All of this is on top of the things that all of us have to do — meal preparation, sleep, work — and things we might not need to do, but should, like exercise and bill paying and laundry. Toss in as well my responsibilities as a citizen, like calling my representatives regularly to vote against the latest GOP rollback of civil rights, or sorting my recycling.

This would be okay if I was a normal person. I would accept that there are only 24 hours in a day, and only seven days in a week, and that there are only so many things a person can do within that amount of time. There is such a thing as speed reading, but I don’t enjoy it. I like to bathe in a story, let myself soak it all in. For the same reason, I don’t want to watch my television sped up.

Instead, I choose to feel guilty. We are living in a Golden Age, at least as far as media choices are concerned. I have a responsibility to keep up. I am supposed to enjoy it all and talk about it so that I can contribute to an environment in which there are so many choices. By doing so, I’ll help writers and artists (including actors and directors and film crews) get paid.

Now, if you’ll excuse me, I have to spend an hour playing fetch with my cat.

The Point Radio: DARK MATTER Explodes Tonight

The new SyFy (and former Dark Horse) project, DARK MATTER premieres tonight on SyFy, and we begin our coverage with actor Roger Cross who tells us why this might be his biggest genre roll yet. DARK MATTER premiere tonight on SyFy, Then Dania Ramirez from HEROES and X-MEN LAST STAND takes us into the third season of Lifetime’s DEVIOUS MAIDS plus her new indy film project.

 We’re back in a couple of days with more on DARK MATTER.

Martha Thomases: Betty and Veronica and Adam Hughes and Sex

Betty & Veronica Adam HughesThis week, Archie Comics announced a Kickstarter campaign to launch a bunch of new titles. If you read the comments at the link (which normally, I would never recommend), you’ll see people who object to Adam Hughes drawing Betty and Veronica because it objectifies the characters, seeing them through the male gaze.

First, let me say that I like Adam Hughes’ work. I think the women he draws, while beautiful, also look physically possible, more like movie stars with trainers than broomsticks with hair and boobs.  If that gets me booted out of Feminism Camp, so be it.

But mostly, when has Betty and Veronica been about anything but the male gaze? Two beautiful teenage girls, interchangeable except for the color of their hair, wear the most revealing clothes the Comics Code would allow, mooning over a boy who is average at best. The fact that these have been described as “comics for girls” is an example of gender-role indoctrination at its most insidious.

And, yes, I kind of like them, too. I contain multitudes.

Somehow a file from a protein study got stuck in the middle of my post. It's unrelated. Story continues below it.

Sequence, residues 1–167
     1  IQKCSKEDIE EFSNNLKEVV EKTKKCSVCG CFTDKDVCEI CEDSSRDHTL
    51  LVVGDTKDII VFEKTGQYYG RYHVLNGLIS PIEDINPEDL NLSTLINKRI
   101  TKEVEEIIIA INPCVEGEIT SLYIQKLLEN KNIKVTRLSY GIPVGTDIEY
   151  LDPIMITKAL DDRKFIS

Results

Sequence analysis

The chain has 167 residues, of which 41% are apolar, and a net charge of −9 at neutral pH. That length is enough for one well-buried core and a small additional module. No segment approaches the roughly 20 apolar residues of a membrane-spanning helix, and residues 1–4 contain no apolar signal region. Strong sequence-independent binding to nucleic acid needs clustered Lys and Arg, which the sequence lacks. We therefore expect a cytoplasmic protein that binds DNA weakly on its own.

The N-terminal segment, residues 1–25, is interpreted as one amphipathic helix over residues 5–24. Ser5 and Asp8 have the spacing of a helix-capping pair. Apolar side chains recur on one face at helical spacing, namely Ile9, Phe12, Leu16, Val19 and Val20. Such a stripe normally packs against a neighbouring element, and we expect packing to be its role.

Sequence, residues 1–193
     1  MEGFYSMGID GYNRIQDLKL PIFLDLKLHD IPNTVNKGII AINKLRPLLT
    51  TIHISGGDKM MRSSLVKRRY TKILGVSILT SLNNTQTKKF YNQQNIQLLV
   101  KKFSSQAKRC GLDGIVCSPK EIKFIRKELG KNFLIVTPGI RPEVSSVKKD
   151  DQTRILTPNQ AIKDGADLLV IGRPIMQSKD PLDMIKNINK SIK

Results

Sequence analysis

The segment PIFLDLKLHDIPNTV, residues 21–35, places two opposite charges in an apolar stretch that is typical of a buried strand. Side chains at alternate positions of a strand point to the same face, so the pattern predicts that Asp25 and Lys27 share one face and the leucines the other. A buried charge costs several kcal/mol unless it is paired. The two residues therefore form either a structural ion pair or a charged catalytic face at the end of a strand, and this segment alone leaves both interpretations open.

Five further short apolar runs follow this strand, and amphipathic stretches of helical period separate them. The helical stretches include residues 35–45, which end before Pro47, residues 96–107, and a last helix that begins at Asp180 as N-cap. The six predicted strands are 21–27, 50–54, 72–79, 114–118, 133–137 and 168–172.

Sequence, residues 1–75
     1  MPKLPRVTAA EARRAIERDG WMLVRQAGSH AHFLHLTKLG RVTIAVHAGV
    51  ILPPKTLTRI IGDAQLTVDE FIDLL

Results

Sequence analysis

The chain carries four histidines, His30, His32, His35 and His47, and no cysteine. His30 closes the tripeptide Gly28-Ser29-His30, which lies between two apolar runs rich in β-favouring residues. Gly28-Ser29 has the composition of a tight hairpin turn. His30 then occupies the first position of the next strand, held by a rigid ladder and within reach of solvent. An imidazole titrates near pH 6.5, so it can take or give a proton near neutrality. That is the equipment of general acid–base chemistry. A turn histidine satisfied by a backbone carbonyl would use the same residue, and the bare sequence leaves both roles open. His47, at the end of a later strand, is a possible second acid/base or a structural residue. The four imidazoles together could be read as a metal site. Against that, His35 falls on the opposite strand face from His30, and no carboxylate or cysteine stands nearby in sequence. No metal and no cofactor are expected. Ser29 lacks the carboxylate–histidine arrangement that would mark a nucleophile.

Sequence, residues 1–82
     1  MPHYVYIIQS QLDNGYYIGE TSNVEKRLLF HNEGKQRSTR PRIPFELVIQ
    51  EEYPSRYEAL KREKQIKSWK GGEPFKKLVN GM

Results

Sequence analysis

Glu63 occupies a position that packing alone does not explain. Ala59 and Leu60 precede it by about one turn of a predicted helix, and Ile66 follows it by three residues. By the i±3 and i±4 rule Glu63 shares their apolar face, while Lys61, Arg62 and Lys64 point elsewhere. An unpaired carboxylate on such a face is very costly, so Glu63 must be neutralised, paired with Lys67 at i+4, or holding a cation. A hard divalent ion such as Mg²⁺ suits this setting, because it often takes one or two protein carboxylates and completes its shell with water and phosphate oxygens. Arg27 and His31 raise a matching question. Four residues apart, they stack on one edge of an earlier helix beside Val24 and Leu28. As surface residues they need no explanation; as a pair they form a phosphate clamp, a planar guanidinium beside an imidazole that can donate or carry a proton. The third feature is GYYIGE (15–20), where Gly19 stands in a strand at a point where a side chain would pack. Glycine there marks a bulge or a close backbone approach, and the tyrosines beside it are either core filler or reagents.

Anyway, this story, which might not be important in and of itself, seems to me to be part of a larger issue. We are in (I hope) a period of transition, as women and other groups who don’t look like studio heads and venture capitalists (i.e. by and large mostly straight white men) are trying to tell their own stories or, at least, see stories about characters who look like them.

This happens most felicitously when a variety of people get to tell their own stories in their own ways. It can also happen when talented straight white men who actually know a variety of people tell a story honestly.

It doesn’t happen when they take a straight white male hero and slap tits/black skin/brown skin/queer impulses on him. Unfortunately, that last option happens a lot. And when the hero is made female, she is too often cast because she looks beautiful, not heroic.

This was satirized brilliantly on a recent episode of Inside Amy Schumer. A jury of 12 angry men sat in judgment as to whether or not Amy Schumer was hot enough to star in a cable television show. They didn’t talk about whether or not she was funny, or a talented actor. They talked about whether or not her appearance gave them a “chubbie.”

Lots of women in show business have complained about this type of behavior, and for the most part, men – even sympathetic men — haven’t fully believed them. In fact, the show was inspired by a real event  and a real idiot, a man with access to entertainment executives, a man to whom the industry listens.

It’s tempting, at this point, to sigh and make a (stereotyped and bigoted) joke about nerds who live in their mothers’ basements and don’t know any real women. Those jokes might even have a bit of truth to them. However, we live in a time when women who express opinions and demonstrate autonomy get death threats. Their jobs are threatened. The men responsible complain about the tyranny of feminism (in which case, where is my scepter?) and lament that women get to control their own bodies when deciding with whom they want to have sex.

(Note: I read that somewhere online in a comments section, and can’t find the link anymore. It might be the opinion of only one guy. I hope so.)

There will be nothing on television in the upcoming season that extreme because television exists on advertising aimed at the mass market. Instead, we’ll get a bunch of shows that pat women on the head for being so gosh-darned resourceful as to manage both a career and a vagina . All the women starring in these shows will be as beautiful as Betty and Veronica. and they will have gorgeous wardrobes. Some will be able to chase criminals while wearing high heels.

It is up to us, as the audience, to see to it that this condescending, patronizing kind of show falls flat on its face.